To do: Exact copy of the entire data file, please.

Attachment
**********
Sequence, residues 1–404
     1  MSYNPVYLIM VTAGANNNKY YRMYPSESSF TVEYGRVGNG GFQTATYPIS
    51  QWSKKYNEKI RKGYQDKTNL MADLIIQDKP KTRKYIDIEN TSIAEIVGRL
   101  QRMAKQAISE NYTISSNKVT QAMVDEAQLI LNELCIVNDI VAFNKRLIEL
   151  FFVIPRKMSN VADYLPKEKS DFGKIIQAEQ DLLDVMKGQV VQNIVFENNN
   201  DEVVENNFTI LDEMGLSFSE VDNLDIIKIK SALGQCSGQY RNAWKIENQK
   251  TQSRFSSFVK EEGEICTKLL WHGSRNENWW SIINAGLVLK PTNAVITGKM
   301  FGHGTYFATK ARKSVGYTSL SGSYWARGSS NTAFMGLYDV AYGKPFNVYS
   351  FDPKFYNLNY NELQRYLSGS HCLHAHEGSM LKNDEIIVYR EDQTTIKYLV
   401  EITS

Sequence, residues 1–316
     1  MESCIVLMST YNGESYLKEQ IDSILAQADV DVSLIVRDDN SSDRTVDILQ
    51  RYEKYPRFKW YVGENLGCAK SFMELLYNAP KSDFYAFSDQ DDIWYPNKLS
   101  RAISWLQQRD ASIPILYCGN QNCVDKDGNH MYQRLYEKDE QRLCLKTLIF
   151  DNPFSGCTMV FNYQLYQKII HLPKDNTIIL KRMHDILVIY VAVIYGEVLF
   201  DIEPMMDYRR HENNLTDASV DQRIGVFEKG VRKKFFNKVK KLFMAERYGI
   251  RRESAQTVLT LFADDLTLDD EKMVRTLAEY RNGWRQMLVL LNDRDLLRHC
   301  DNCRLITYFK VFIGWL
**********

Sequence, residues 1–404
     1  MSYNPVYLIM VTAGANNNKY YRMYPSESSF TVEYGRVGNG GFQTATYPIS
    51  QWSKKYNEKI RKGYQDKTNL MADLIIQDKP KTRKYIDIEN TSIAEIVGRL
   101  QRMAKQAISE NYTISSNKVT QAMVDEAQLI LNELCIVNDI VAFNKRLIEL
   151  FFVIPRKMSN VADYLPKEKS DFGKIIQAEQ DLLDVMKGQV VQNIVFENNN
   201  DEVVENNFTI LDEMGLSFSE VDNLDIIKIK SALGQCSGQY RNAWKIENQK
   251  TQSRFSSFVK EEGEICTKLL WHGSRNENWW SIINAGLVLK PTNAVITGKM
   301  FGHGTYFATK ARKSVGYTSL SGSYWARGSS NTAFMGLYDV AYGKPFNVYS
   351  FDPKFYNLNY NELQRYLSGS HCLHAHEGSM LKNDEIIVYR EDQTTIKYLV
   401  EITS

Sequence, residues 1–316
     1  MESCIVLMST YNGESYLKEQ IDSILAQADV DVSLIVRDDN SSDRTVDILQ
    51  RYEKYPRFKW YVGENLGCAK SFMELLYNAP KSDFYAFSDQ DDIWYPNKLS
   101  RAISWLQQRD ASIPILYCGN QNCVDKDGNH MYQRLYEKDE QRLCLKTLIF
   151  DNPFSGCTMV FNYQLYQKII HLPKDNTIIL KRMHDILVIY VAVIYGEVLF
   201  DIEPMMDYRR HENNLTDASV DQRIGVFEKG VRKKFFNKVK KLFMAERYGI
   251  RRESAQTVLT LFADDLTLDD EKMVRTLAEY RNGWRQMLVL LNDRDLLRHC
   301  DNCRLITYFK VFIGWL